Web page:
Non-Indian influence is relatively recent. Because of strong native control of the lower river, the first non-Indian penetration of the Skeena watershed was from the E, when the HBC established posts on Babine and Bear lakes (1822, 1826). In 1859 a reconnaissance for a transcontinental railway was made up the Skeena as far as the Bulkley R. 1871 saw a gold rush up the Skeena to the Omineca goldfields; some good strikes were made on the Skeena itself. With the establishment of Port Essington near the mouth, and Hazelton at the head of navigation at the Bulkley confluence, freight traffic on the Skeena developed rapidly.
From 1880 the HBC used the Skeena route to supply its inland posts. Salmon fishing became an important activity, as it is today. By the 1890s there were 7 canneries in the Skeena estuary. Interest in the agricultural potential of the Skeena below Hazelton grew next, and the provincial government encouraged settlement.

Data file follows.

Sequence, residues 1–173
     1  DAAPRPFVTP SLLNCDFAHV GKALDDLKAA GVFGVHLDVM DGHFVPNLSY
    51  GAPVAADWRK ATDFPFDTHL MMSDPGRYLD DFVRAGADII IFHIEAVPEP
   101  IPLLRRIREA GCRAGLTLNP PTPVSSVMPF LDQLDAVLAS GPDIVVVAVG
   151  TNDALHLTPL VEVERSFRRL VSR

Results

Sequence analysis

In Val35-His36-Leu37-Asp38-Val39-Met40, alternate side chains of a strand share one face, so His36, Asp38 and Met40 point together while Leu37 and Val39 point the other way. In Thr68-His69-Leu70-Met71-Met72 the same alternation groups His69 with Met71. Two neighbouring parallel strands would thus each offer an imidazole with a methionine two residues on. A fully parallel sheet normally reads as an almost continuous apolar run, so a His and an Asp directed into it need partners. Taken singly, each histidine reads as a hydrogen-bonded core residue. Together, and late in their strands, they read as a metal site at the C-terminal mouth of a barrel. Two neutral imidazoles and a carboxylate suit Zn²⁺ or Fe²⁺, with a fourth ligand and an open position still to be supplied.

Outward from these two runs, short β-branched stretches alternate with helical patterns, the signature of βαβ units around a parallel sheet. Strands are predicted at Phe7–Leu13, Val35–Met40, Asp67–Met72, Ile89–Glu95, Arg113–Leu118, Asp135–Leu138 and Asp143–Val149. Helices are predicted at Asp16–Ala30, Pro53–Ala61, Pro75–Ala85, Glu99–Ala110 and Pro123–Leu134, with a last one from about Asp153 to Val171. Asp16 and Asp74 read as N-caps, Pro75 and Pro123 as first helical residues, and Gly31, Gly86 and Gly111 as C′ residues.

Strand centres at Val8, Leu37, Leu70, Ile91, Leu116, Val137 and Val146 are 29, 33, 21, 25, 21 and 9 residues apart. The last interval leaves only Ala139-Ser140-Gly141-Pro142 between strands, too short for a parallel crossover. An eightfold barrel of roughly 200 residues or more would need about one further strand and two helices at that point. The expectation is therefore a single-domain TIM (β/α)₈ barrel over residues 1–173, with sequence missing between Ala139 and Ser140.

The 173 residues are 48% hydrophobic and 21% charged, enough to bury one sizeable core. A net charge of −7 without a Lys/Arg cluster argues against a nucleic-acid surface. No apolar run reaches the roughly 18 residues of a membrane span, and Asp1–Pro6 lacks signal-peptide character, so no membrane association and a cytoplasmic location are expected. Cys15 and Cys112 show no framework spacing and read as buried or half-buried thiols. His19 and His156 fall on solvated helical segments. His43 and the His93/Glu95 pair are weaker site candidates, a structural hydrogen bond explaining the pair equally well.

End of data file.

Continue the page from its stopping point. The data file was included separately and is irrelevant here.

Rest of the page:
The Skeena provides Canada's only practical alternative rail and road outlet to the Pacific besides the Fraser. In 1914 the GRAND TRUNK PACIFIC RY (now CN) was completed from Hazelton to the coast, terminating at Prince Rupert. Following WWII the valley was reached by the Yellowhead Highway. The town of TERRACE is a regional centre today for the lumber industry.
Author ROSEMARY J. FOX
Shawnadithit grew anxious waiting for her uncle, Longnon, to return to camp at the junction of Badger Brook and the Exploits River, deep in the wilds of Newfoundland...